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The US and the UK have imposed sanctions on 11 individuals believed to be connected to the Trickbot malware and the Conti ransomware operations, the latter having ceased activities in 2022 after a leak of its internal communications.
This decision was collectively made public by the US Department of the Treasury’s Office of Foreign Assets Control (OFAC) and the UK Foreign, Commonwealth & Development Office (FCDO) on August 7, 2023.
The sanctioned individuals from Russia include Andrey Zhuykov, Maksim Galochkin, Maksim Rudenskiy, Mikhail Tsarev, Dmitry Putilin, Maksim Khaliullin, Sergey Loguntsov, Vadym Valiakhmetov, Artem Kurov, Mikhail Chernov, and Alexander Mozhaev.
Inquiries carried out by the UK’s National Crime Agency (NCA) and the FBI indicated these individuals, all being Russian nationals, held prominent positions within the group. Their roles varied from development, administration facilitating ransom payments, to managerial roles that recruited from cybercrime forums.
James Cleverly, the UK Foreign Secretary, emphasized the necessity of revealing the identities to strengthen the battle against online crime. He noted that such criminals exploit the obscurity of the digital realm to maximize harm and extract funds. He emphasized that with the unveiling of their identities, they’re essentially disrupting their operational modalities.
This current sanctioning is subsequent to a preliminary round in February 2023, during which seven Russians associated with Trickbot and Conti faced similar actions. This was a part of the inaugural collaborative UK-US sanctions against online criminals.
Simultaneously, the US Department of Justice is publicizing charges against nine individuals in relation to the Trickbot and Conti conspiracies, inclusive of seven individuals identified on the current date.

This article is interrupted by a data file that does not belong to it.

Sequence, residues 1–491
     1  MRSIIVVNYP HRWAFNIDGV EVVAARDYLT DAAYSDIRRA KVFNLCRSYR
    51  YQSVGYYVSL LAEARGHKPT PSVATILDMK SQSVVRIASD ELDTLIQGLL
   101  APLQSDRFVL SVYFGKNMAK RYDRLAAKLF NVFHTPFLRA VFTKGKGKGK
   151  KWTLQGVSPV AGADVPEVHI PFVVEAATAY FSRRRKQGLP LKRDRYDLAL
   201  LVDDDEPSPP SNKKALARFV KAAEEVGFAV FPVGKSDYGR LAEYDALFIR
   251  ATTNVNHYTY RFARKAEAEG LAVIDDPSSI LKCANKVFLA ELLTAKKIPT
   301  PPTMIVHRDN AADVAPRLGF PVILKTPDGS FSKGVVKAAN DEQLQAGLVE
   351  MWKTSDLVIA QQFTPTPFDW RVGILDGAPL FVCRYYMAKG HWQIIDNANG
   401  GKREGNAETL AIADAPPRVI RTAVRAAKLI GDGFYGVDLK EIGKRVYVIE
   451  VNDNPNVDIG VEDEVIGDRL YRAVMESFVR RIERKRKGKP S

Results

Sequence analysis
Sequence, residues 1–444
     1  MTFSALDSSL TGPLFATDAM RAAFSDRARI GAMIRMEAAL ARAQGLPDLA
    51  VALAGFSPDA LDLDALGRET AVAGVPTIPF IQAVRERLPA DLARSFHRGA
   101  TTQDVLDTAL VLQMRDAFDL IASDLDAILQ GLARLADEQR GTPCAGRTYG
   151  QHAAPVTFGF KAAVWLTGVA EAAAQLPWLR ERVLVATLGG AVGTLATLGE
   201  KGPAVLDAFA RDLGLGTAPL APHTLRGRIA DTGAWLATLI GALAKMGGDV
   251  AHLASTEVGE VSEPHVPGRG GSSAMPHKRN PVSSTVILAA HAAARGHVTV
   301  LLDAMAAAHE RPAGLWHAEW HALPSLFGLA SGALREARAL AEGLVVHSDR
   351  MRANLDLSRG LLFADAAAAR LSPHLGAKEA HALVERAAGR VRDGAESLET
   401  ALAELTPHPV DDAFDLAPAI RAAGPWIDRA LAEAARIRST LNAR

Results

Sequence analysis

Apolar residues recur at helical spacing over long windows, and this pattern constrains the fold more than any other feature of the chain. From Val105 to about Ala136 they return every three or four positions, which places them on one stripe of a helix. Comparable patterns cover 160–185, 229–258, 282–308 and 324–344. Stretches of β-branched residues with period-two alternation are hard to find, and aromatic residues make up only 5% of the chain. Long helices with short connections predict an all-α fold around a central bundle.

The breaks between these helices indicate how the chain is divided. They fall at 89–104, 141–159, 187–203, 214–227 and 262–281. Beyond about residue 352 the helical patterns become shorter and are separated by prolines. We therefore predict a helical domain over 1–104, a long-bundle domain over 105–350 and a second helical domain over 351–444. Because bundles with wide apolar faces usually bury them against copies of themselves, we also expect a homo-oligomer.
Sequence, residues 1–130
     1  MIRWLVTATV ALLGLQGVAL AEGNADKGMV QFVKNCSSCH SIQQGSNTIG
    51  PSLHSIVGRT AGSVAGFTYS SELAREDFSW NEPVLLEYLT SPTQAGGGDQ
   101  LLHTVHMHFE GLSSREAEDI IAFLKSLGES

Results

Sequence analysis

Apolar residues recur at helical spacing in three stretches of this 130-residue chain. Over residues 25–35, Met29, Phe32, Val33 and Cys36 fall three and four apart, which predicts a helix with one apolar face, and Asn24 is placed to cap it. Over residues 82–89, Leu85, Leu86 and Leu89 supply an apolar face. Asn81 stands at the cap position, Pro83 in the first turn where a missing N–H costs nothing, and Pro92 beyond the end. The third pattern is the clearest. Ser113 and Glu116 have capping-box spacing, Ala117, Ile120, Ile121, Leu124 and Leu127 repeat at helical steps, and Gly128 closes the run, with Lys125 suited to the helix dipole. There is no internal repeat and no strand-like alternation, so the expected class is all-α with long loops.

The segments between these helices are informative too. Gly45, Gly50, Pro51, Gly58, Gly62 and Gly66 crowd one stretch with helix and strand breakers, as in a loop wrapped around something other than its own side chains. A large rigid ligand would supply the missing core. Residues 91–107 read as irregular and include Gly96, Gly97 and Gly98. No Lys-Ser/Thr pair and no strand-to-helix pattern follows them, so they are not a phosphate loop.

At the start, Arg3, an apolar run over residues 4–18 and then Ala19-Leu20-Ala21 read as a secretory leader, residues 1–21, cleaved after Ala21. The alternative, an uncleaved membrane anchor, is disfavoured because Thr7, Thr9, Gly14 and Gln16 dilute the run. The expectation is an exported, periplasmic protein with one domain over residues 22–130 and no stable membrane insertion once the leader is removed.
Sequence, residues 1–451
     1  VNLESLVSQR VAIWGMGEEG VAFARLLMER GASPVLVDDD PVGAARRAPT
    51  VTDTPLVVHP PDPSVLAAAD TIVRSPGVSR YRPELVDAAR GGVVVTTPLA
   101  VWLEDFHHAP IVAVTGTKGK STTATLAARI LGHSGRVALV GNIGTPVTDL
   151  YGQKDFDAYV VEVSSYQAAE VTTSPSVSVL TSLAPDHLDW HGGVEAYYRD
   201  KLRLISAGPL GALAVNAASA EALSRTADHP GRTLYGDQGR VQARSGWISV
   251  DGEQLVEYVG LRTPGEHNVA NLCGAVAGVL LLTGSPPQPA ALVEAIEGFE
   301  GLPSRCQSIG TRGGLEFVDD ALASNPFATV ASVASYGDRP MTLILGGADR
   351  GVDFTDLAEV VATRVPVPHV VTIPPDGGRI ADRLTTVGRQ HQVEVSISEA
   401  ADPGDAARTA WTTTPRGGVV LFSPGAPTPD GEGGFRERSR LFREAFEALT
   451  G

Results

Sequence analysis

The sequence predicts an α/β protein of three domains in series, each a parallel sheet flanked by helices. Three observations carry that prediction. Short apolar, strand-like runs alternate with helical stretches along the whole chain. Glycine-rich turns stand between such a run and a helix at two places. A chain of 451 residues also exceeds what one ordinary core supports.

A total of 18 digital offenders are now confronted with travel prohibitions and financial constraints, severely hindering their access to the global financial network.
Law Enforcement’s Endeavor in Identifying Offenders
The NCA’s director general of operations, Rob Jones, communicated that these sanctions are consistent with prior campaigns against cyber offenses. He declared that these criminals might believe they’re beyond reach, but law enforcement’s commitment to bringing them to justice remains undeterred.
Concurring with this stance, UK Security Minister Tom Tugendhat affirmed the capabilities of the UK to locate and unveil offenders who target British entities. He further pledged continued collaboration with allies like the US to neutralize such threats.
Don Smith, from the Secureworks Counter Threat Unit, commended the sanctions, positing that they might prevent the resurgence of previous ransomware entities. He contended that such actions, although potentially not eradicating the threat, significantly hamper the operations of groups like Conti.
Lastly, the CEO of the UK’s National Cyber Security Centre (NCSC), Lindy Cameron, echoed the urgency for entities to maintain a robust digital defense. She passionately encouraged organizations to counter ransomware operations by enhancing their online defenses.